Secret documents stolen from the FDA also reveal serious health effects from Monsanto's genetically engineered bovine growth hormone, called rBGH or rBST. In particular, the amount of a powerful hormone called IGF-1 is substantially increased in milk from treated cows. Samuel Epstein, Chairman of the Cancer Prevention Coalition, says that approximately 60 studies link IGF-1 to "breast, colon, and prostate cancers."
Cancer is also implicated in Monsanto's showcase herbicide, Roundup. According Professor Robert Belle's research showing disrupted cell division, "Roundup provokes the first stages that lead to cancer." Belle, who is with the National Center for Scientific Research and the Pierre and Marie Curie Institute in France, says, "The tested doses were well below those which people normally use."
Monsanto has promoted Roundup as harmless to both humans and the environment. But their advertised environmental claims, such as "biodegradable," "leaves the soil clean," and "respects the environment," were declared false and illegal by judges in both the US and France. In fact, Monsanto's own studies showed that 28 days after application, only 2% of the product had broken down. They were forced to remove "biodegradable" from the label.
Above the law
When Monsanto's transgressions are reported to authorities, somehow the company is magically let off the hook.
When Monsanto finally did share information on PCBs with the government, for example, Ken Cook says "instead of siding with the people who were being poisoned, [the government] sided with the company. . . . It was outrageous!" When William Sanjour's EPA colleague, Cate Jenkins, asked the agency to review Monsanto's flawed Agent Orange studies, Sanjour says, "there was no investigation of Monsanto. . . . What they investigated was Cate Jenkins, the whistleblower! They made her life a hell."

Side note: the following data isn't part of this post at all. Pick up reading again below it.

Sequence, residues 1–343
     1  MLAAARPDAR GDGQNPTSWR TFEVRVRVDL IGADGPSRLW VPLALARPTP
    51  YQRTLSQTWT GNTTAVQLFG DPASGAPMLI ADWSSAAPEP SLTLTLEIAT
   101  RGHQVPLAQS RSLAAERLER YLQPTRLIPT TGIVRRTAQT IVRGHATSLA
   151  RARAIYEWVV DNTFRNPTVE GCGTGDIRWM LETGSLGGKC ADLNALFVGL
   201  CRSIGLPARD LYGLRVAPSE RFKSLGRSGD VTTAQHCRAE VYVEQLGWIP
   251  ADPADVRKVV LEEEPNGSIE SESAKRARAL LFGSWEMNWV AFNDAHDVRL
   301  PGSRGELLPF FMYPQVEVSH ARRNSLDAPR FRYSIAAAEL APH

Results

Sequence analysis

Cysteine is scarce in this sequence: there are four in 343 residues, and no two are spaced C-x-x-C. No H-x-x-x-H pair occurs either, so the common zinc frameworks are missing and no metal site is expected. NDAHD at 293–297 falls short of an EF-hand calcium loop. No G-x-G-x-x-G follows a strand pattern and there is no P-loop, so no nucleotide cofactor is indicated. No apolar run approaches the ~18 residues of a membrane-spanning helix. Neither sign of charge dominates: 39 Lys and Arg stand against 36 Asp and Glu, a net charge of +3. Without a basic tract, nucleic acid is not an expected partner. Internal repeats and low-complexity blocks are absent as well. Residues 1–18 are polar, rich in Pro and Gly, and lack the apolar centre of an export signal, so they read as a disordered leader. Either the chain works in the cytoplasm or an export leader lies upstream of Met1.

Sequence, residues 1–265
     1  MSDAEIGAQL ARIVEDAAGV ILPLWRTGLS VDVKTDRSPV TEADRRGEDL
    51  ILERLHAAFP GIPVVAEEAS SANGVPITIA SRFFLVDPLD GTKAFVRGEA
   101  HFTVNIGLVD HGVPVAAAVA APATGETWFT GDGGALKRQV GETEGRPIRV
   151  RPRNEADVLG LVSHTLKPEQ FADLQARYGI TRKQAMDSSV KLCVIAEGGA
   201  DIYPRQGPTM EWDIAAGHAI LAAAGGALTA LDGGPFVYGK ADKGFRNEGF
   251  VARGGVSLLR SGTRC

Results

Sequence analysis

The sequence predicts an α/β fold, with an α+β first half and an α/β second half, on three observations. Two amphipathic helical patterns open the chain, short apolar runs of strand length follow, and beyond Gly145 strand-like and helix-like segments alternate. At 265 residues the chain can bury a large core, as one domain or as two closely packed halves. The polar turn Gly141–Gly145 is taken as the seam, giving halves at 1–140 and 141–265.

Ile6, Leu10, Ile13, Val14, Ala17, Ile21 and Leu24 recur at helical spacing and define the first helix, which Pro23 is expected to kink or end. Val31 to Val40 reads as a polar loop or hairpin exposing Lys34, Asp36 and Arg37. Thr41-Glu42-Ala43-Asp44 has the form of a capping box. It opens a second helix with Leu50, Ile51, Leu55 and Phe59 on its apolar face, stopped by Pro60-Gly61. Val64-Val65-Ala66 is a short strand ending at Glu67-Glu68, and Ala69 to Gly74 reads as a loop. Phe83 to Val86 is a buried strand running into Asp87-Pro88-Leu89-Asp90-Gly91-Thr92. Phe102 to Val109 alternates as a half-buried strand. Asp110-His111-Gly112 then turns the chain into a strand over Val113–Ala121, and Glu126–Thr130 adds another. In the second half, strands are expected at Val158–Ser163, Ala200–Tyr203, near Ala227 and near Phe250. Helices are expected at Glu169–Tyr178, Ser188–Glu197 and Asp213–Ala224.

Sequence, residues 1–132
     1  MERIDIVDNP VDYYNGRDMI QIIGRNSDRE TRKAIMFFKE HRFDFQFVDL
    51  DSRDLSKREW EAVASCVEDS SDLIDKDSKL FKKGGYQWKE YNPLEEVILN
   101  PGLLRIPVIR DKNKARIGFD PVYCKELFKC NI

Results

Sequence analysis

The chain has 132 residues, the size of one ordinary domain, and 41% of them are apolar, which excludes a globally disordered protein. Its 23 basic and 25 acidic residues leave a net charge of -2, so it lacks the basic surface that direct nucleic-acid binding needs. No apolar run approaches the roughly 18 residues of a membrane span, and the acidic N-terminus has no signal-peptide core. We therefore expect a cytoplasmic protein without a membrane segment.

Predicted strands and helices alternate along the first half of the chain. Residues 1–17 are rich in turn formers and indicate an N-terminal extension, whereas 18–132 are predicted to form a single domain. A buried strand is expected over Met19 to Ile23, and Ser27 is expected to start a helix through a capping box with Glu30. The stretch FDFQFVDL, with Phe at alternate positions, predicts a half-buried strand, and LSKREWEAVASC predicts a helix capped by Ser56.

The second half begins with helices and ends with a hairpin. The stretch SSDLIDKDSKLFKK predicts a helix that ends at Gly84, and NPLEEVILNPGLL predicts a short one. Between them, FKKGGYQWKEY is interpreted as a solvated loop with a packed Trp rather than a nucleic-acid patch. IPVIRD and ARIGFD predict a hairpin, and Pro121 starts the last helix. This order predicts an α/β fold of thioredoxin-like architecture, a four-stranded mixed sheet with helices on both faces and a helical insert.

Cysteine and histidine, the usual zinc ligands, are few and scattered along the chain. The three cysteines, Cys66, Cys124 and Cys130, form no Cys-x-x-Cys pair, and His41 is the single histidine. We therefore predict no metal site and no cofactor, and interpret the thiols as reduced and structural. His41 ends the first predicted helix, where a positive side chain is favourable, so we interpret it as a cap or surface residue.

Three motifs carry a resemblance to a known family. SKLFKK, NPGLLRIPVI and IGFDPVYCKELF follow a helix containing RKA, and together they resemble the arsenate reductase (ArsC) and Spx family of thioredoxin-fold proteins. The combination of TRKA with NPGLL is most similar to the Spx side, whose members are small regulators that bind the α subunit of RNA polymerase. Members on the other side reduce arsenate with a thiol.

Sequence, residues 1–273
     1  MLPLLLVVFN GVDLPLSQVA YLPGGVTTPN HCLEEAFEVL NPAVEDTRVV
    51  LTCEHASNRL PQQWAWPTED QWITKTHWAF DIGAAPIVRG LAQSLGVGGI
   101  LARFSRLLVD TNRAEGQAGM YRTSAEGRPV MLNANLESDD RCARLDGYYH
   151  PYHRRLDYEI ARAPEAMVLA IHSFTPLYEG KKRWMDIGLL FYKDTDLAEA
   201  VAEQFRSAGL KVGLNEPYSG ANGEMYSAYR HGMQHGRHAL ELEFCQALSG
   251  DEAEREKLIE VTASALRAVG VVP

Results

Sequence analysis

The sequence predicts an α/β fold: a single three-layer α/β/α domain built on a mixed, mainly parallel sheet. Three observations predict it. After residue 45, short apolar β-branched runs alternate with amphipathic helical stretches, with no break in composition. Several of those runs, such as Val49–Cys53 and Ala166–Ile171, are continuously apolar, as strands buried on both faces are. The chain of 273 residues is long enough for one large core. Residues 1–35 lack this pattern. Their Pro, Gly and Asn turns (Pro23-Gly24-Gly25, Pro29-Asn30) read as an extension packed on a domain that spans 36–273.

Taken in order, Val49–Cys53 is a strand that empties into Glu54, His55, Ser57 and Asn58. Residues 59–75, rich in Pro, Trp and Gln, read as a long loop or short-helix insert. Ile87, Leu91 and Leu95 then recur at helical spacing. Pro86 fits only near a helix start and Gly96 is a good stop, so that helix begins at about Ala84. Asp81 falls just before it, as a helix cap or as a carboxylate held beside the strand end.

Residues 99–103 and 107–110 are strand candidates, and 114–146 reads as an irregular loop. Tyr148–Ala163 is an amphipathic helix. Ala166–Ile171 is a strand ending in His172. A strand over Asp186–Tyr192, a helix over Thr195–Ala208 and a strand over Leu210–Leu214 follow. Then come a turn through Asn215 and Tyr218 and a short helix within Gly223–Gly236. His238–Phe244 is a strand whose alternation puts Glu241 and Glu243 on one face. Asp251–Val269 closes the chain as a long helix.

When Richard Burroughs of the FDA held up approval of rBGH by demanding more rigorous and relevant testing, he was fired. He says, "They figured: 'Well, if you're in the way, we'll get you out of the way. . . One day, I was escorted to the door and told that was it; I was done." Senior government scientists at Health Canada testified that their superiors were pressuring them to approve rBGH and that Monsanto had offered them an alleged bribe of $1-2 million. The scientists were later reprimanded, punished, and eventually "dismissed for disobedience." rBGH was never approved in Canada, Europe, and most industrialized nations.
When Professor Belle went to his administration "to let the public know about the dangers" of Roundup herbicide, he was "ordered" not to communicate his findings "due to the GMO question lurking in the background." That question about genetically modified organisms was in relation to Monsanto's "Roundup Ready" crops. Monsanto has the patent for 90% of the GMOs grown on the planet, and most of them are genetically modified specifically to tolerate applications of Roundup.